Act 250, Vermont’s land use regulation, requires that applicants for certain kinds of development obtain a Land Use Permit from the District Environmental Commission. Such a permit is in addition to any local zoning or subdivision permits needed, and these permit processes are independent of each other. To see if a project would trigger Act 250 jurisdiction, applicants can obtain a final Jurisdictional Opinion (JO). For more information on JOs, please go use the Frequently Asked Questions link below. Applicants can also ask a permit specialist to prepare a “project review sheet” which lists other state permits that may be necessary.

In addition to the Commission, parties that may be involved in the review of a project include State Agencies, the TRORC, the Town Selectboard and Planning Commission where the project is to be located, abutters, and other potentially affected individuals or organizations. Prior to granting a permit, affirmative findings must be made with respect to ten criteria contained in the law (10 VSA Section 6086) related to environmental, economic, and social effects of the project on the state. Included amongst these is a determination that the development or subdivision is in conformance with the local Town Plan and Regional Plan (criterion 10).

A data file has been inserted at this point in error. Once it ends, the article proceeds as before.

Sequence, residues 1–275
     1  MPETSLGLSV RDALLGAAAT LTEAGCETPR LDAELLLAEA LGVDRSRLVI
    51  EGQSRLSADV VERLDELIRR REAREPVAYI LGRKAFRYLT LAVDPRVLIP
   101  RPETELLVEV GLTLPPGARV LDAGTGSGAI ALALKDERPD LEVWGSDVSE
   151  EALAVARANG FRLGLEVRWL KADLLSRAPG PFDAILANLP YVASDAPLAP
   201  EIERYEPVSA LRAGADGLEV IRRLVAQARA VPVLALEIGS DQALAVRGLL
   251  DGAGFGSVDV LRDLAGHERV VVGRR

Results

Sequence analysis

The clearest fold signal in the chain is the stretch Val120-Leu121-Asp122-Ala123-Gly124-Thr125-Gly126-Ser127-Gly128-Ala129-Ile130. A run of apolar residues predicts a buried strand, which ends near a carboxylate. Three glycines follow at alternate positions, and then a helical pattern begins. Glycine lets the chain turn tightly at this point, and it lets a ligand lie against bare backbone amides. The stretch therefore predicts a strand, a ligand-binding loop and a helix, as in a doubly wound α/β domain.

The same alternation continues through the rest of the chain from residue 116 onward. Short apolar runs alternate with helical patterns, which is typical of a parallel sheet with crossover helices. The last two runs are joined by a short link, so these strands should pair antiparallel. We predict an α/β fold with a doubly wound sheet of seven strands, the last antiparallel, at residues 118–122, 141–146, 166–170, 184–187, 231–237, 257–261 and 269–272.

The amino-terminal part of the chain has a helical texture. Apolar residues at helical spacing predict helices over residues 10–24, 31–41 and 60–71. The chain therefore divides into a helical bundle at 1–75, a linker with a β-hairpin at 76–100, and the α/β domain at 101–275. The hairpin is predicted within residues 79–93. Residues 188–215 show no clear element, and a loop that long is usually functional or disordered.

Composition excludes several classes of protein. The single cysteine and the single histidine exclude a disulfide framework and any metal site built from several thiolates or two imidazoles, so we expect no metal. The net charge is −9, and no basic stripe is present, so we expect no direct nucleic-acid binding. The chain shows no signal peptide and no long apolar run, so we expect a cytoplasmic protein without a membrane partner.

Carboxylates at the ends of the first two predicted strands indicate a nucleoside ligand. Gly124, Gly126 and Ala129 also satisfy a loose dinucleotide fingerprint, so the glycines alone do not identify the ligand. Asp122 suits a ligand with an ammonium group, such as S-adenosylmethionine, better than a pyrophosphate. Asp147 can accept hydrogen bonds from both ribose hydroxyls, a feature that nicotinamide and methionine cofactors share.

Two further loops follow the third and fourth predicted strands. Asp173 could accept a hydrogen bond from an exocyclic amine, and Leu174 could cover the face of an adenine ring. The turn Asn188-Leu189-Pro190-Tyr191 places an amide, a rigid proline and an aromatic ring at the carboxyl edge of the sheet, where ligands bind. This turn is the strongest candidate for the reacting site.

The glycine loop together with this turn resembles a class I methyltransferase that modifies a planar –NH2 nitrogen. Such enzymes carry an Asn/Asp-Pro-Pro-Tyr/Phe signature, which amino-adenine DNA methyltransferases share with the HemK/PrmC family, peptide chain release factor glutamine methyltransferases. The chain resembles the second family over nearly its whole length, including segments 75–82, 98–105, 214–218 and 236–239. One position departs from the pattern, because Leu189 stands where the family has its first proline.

We strongly encourage Act 250 applicants to review the language in their local Town Plans and the Regional Plan prior to preparing an application. Many Town Plans can be found under the specific town (use toolbar on right). The Regional Plan is available for download here, and Regional Plan future land use area maps can be found on each town page.

Prior to the application, Regional Commission staff can offer informal advice when projects are being conceived, which may save much time and money during the permitting process. Applicants are also encouraged to contact the District Environmental Commission staff and the ANR Permit Specialists early in project development in order to avoid costly and time-consuming delays.  In addition to Act 250, there are other state permits that may be required depending on the type and scale of proposed development.

Act 250


Staff Contact

Kevin Geiger, Senior Planner
kgeiger@trorc.org – 802-457-3188